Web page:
It’s one thing to be recruited by someone for something you earned or for something that you excel at. It must be quite a rush for the few elite athletes with enough talent to expect a phone call on draft day, for example. Students with perfect grade point averages and high placement scores often enjoy a deluge of scholarship offers to this country’s top colleges. As problems go, that’s not a bad one to be faced with.
Why then, are we so beleaguered to receive multiple credit card applications in the mail? We earned them with great credit histories, right? Right?! Most intelligent people I know just throw them away. Others apply for every card they can get their hands on.
I think having multiple credit cards is like having 25 different mothers-in-law: ONE is plenty! Don’t get me wrong, I love my mother-in-law to death and I think that’s the point. — I use one (1) credit card to travel with. I love my card.
Having one card makes expense reporting so much easier. It also earns an “off the hook” number of extra mileage points for my frequent flier program.
I didn’t choose my mother-in-law; I was fortunate enough to marry a woman with a saint for a mom. Imagine if you could choose your mother-in-law though: What would your criteria be? If I asked a hundred men that question, I’d get a hundred answers. The same is true with credit cards, what “works” for one person may not be the best for another.
There must be hundreds of credit programs out there with some sort of travel benefit aligned with their incentive programs. They offer “quicker rewards” or “no penalty” rewards. There are cards aligned with every frequent flier and/or hotel award point program you can think of. There are even Silver, Gold, and Platinum cards to aspire to within each program genre.
I based my credit card decision on three things:
1) The annual fee. I can’t expense the annual fee and some of these cards want more than $300 per year for the privilege. They boast an enormous amount of “advantages” but if you take a close look at the list, do you really need them? Would you ever use them? It’s a bit like looking at the 90,000 mile service option at your car dealer. They list 100 “points of service,” but seriously, do they really “inspect the battery” or does a technician just lift the hood and look to say, “yep, there’s a battery in there, alright!” My Silver points card earns the same number of points per dollar as the Platinum card at 1/4 of the annual cost. That’s the point, isn’t it? I don’t need “access to the Visa priority conference room at selected airports across the country.” Have any of you been waiting for a flight and thought, “Gee, I could be having a meeting right now. Boy, I wish I had access to a conference room!” Nope… didn’t think so.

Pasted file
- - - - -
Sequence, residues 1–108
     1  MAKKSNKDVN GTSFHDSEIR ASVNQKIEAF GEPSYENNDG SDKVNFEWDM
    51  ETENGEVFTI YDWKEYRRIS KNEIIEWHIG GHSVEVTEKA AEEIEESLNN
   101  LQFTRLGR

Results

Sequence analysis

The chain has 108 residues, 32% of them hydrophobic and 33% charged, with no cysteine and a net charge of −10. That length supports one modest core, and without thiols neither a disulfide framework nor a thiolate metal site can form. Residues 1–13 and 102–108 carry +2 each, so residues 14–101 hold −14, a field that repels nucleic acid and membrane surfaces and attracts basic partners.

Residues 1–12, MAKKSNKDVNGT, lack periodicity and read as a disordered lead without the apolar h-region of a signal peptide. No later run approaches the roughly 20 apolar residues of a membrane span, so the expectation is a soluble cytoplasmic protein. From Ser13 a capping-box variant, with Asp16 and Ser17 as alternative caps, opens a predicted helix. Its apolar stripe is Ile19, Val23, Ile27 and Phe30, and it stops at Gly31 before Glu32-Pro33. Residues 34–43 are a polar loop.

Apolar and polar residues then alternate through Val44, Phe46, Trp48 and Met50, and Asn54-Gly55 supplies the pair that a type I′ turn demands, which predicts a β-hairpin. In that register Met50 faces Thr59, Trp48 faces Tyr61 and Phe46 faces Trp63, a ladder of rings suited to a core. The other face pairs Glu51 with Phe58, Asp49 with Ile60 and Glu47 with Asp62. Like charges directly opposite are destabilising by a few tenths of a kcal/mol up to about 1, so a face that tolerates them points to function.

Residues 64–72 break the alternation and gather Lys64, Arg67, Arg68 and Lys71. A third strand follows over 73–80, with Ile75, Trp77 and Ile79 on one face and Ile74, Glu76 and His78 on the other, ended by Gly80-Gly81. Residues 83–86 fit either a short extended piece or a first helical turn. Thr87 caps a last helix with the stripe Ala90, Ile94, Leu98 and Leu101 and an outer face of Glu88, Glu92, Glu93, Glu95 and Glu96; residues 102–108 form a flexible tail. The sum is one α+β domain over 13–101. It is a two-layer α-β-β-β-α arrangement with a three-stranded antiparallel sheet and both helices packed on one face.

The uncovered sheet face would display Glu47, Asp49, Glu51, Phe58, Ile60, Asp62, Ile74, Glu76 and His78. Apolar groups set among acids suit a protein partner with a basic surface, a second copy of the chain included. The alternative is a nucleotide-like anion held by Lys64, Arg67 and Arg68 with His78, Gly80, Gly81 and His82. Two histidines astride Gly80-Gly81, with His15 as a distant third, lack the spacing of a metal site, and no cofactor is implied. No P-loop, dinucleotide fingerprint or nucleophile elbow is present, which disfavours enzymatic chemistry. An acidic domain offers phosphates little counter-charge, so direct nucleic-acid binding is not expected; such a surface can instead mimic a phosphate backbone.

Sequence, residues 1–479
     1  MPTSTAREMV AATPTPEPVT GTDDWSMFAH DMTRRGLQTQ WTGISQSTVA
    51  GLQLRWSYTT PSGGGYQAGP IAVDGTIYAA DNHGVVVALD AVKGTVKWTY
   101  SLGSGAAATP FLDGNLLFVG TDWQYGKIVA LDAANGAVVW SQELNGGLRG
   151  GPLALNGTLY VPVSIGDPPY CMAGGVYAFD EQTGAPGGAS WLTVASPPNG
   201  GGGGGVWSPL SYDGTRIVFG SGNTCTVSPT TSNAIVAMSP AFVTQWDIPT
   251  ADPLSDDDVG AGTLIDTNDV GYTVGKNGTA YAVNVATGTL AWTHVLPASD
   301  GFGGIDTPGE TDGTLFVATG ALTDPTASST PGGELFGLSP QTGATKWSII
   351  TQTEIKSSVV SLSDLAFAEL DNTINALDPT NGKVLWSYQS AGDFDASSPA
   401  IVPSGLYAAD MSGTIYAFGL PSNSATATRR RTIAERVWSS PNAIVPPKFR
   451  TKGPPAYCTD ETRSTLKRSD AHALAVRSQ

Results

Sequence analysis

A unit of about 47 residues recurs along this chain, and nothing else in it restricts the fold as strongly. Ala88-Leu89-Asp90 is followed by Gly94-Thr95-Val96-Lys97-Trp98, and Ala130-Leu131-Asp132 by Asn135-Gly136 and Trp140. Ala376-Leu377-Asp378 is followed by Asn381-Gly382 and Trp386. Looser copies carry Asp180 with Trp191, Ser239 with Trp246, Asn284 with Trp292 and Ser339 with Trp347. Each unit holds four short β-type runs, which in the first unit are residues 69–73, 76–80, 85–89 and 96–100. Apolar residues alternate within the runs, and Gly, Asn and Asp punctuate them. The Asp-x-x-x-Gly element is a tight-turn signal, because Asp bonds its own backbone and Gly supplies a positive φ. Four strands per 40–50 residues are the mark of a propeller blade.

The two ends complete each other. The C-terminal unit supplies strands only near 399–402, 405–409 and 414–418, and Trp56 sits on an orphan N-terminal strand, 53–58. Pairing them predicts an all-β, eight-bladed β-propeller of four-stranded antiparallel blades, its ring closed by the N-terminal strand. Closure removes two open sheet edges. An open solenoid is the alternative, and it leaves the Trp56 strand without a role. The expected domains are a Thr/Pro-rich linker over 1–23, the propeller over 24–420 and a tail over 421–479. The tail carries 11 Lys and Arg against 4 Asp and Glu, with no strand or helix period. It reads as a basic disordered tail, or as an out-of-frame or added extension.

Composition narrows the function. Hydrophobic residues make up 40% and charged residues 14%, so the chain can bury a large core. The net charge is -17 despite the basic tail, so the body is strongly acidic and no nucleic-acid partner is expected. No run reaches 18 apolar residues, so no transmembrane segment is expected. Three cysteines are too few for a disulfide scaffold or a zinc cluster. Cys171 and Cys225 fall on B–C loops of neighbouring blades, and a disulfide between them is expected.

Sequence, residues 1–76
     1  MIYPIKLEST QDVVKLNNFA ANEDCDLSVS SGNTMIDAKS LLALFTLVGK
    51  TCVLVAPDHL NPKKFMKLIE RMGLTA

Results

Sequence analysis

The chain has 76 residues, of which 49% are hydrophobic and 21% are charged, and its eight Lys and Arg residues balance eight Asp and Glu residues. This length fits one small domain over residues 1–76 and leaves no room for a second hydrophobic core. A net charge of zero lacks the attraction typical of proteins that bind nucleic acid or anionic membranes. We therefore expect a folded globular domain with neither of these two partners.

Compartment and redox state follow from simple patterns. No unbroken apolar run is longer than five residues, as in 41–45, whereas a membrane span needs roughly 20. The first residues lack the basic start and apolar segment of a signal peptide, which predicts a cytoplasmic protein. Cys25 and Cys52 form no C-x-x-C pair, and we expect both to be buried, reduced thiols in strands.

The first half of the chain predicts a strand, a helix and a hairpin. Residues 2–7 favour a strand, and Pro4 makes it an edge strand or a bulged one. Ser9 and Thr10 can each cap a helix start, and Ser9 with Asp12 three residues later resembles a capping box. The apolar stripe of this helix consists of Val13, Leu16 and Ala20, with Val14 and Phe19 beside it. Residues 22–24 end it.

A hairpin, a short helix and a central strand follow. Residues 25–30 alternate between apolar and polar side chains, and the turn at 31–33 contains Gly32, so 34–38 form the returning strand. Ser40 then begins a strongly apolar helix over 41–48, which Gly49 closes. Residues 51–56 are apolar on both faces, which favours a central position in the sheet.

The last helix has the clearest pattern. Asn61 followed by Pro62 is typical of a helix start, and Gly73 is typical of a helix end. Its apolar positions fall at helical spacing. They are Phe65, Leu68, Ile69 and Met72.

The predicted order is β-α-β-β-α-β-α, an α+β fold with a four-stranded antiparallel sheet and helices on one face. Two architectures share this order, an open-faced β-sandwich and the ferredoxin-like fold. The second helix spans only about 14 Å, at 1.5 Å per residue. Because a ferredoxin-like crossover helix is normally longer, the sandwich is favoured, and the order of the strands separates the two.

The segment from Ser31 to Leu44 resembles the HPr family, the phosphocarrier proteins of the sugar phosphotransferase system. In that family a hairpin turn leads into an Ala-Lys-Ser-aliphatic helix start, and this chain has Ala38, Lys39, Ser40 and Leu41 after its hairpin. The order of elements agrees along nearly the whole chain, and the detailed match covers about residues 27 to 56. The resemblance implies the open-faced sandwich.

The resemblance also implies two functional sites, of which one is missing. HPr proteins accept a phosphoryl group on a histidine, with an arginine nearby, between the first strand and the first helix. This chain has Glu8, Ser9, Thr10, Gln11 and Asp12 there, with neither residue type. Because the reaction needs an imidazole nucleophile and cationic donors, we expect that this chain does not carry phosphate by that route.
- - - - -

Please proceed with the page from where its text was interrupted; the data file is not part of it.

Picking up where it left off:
2) Biggest point value for dollar. This takes some thought. Some cards boast, “quickest route to rewards” or something but take a closer look. When it comes to air travel rewards, lots of these companies pre-purchase certain “popular” tickets in bulk cheaply. Then when you want to cash in your “lower” reward total, they offer you several different round trip tickets to popular cities to choose from. Maybe that’s perfect for you. My family lives in Houston, I could use a free ticket to Houston now and again, but I have bigger goals in mind. I’m taking my wife to Italy in the fall, first class. Compare the reward points required for that little jewel across several credit card offers… the list narrows in a hurry.
3) Flexibility. Another thing to consider is, “what can I do with the reward points?” The Marriott Hotel reward program is top notch. In addition to free hotel nights, you can actually cash in points for gift certificates and other merchandise. When I cash in points for a vacation, I usually have some left over. I’ll convert them to Marriott Reward certificates which I can use to purchase ANYTHING the hotel offers… Massages, meals, gift shop accoutrements, snorkeling lessons, etc.
In the end, I’ve found the US Bank Northwest Airlines Visa Signature card to be very nice. Of course I live in a Northwest Airlines hub city, so that’s where I get most of my baseline “truly earned” miles.
When my company asked me to buy a $12,000 business class ticket to Tokyo, I was only too happy to put that on my Northwest card. An instant 12k ff miles isn’t too shabby! I can almost feel the sea spray from the Mediterranean… I wonder if I should take my mother-in-law?